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  • Judith Barrow Author

On Book Fairs and Book Signings

"So many books, so little time." Frank Zappa



Having been a co-organiser of a book fair for the last eight years (I wrote a post about this: http://bit.ly/2VDJtrr and having attended other book fairs more times than I can count I thought to pass on a little of the experience and lessons learned during all those events.

Something I quickly understood was, if you are going to be part of both local book fairs and those further afield, you will be amongst authors you’ll see time and time again. One of the most important things I’ve learned is that you are not in competition with the other authors at these events. If that’s how you view it, it won’t help you in the long run. Most of the writers I’ve met are supportive of one another. If a potential reader stops at your stall and then decides your genre is not for them, passing them on to another author a few tables away, whose books you know they will like, is a favour that will be reciprocated in spades. How generous a person you are is quickly seen and understood.


So, to practicalities.

Make sure you have the things the organisers have asked you to remember: a tablecloth, books, of course, plenty of change. A display stand for you table if you want to have one, a banner if you own one (having made sure you let the organisers know so that they can put you in an appropriate place where your banner won’t cut off any other author’s table), any flyers, leaflets or posters you want to bring, a book price list, bookmarks and business cards. If you wish, take anything that promotes the genre of your books (I know one author who writes historical books who bring small items that portrays the era and one who writes ‘chiller thrillers’ who always has small bare branches, ivy etc. which evokes a thrilling creepiness) Some authors, on the other hand, bring small free gifts or a bowl of sweets/chocolates as a tempter for potential readers to stop at their tables.


At our last book fair in Narberth we encouraged authors to bring small artificial candles or small lamps to shine down onto their tables. It’s effective. And of course you’ll want to make sure they do shine down and not directly in the eyes of customers or other authors.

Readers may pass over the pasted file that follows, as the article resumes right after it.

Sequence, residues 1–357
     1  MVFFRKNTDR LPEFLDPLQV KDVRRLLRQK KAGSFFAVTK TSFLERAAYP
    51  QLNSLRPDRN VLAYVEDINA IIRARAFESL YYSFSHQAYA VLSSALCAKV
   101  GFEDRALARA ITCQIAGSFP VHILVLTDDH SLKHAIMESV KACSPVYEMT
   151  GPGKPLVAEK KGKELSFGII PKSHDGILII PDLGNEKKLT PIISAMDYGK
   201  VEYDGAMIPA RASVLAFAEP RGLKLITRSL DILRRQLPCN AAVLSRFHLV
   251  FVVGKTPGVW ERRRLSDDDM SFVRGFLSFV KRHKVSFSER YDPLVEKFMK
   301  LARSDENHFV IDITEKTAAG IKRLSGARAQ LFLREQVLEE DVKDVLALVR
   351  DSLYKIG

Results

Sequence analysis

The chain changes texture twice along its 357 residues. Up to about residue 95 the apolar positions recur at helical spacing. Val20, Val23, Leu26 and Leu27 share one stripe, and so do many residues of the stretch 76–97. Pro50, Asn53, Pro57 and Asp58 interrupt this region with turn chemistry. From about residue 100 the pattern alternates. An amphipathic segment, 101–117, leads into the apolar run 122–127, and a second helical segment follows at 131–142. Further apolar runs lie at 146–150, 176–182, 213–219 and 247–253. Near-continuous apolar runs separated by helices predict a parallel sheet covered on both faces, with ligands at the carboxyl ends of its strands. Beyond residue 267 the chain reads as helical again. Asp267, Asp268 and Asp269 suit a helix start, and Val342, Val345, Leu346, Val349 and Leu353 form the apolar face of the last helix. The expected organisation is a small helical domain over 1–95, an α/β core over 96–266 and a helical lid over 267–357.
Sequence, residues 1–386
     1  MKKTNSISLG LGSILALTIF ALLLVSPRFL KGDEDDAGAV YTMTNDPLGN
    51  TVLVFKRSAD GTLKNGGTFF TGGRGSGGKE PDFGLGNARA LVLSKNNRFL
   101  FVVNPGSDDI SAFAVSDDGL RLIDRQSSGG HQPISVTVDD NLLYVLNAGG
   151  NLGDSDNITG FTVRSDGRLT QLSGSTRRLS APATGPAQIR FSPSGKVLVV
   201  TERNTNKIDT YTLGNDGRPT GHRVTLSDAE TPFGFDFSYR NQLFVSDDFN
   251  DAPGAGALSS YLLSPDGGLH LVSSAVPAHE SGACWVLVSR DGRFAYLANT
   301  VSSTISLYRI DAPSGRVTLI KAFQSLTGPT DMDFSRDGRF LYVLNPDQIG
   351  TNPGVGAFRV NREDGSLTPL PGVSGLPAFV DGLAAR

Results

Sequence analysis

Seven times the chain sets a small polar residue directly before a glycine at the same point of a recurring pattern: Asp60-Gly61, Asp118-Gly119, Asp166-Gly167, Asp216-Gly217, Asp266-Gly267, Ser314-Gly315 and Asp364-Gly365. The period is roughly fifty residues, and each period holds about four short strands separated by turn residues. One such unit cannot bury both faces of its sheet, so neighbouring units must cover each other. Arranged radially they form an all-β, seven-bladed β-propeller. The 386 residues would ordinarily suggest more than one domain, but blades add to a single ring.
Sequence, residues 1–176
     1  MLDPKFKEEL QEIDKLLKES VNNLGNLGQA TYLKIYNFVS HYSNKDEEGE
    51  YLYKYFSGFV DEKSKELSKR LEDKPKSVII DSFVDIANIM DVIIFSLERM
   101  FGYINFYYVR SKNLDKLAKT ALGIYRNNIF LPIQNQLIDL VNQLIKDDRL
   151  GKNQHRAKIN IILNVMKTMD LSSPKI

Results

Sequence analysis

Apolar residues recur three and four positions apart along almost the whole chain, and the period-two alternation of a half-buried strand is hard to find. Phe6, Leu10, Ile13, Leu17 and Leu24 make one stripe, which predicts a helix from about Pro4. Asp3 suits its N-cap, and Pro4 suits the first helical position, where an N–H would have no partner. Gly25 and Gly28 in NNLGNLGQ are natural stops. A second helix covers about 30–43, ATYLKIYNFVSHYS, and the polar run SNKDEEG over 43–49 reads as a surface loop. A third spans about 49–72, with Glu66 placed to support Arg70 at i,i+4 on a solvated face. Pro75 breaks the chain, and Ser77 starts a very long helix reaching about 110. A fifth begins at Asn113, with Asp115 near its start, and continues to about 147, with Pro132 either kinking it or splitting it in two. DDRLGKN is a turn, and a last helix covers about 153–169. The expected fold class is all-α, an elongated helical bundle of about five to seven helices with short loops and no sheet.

Find out if there are places of refreshments at or nearby the venue. Be prepared if not.


Arrive at least an hour before the book fair opens to make sure to your table is ready when the people (hopefully) flood in. And stay to the bitter end. As important it is for you to be on time for the opening, so you should stay until the book fair closes, even if you have had a non-productive day. It’s not fair on the other authors around you to leave your table empty; it spoils the atmosphere of the event, and looks unprofessional on your part.


During the day do try to be friendly with the other authors; it can only be a good thing, they will support you, commiserate on a lost sale, watch your table for you if you’re on your own and need to go to the loo or buy a coffee.


Don’t sit with arms crossed behind your table; stand up to make eye-to-eye contact with anyone who stops at your table. But don’t monopolise them and talk at them to the point of embarrassment. This does two things – it means they will also pass by the author on the next table in their desperation to get away from you and they will remember you at the next event they see you at … and will avoid you at all costs. Loss of sales for you.


Something else I should mention; being faced with the person who has no intention of buying books but who is determined to tell you about the book they have written but not yet published, or to relate the story of someone who knows someone who comes from / knows of / has also written about - the area your book is/might be set. The minutes tick by. As do potential buyers, who think you are engrossed with the person stood squarely in front of your table. The smile on your face becomes frozen and, without being ill mannered, you have no idea how to get the person to move on. A long time ago I was advised to do the following: still smiling and half listening to the person who is monopolising you, glance with a smile towards the potential reader who is hovering and hand them whatever you’ve prepared (the synopsis?) that gives them an idea of what your book is about. Or offer one of your books with an invitation to “have a look, no obligation”. With a bit of luck the first person will go on to torment some other poor author (yes I know I said be nice and friendly to the other authors but just sharing the load here). Or, you could do what I often do; conspire with a nearby author; if either of you become aware they are being cornered by someone with no sale in sight, have some form of intervention that means you are needed somewhere else. Urgently!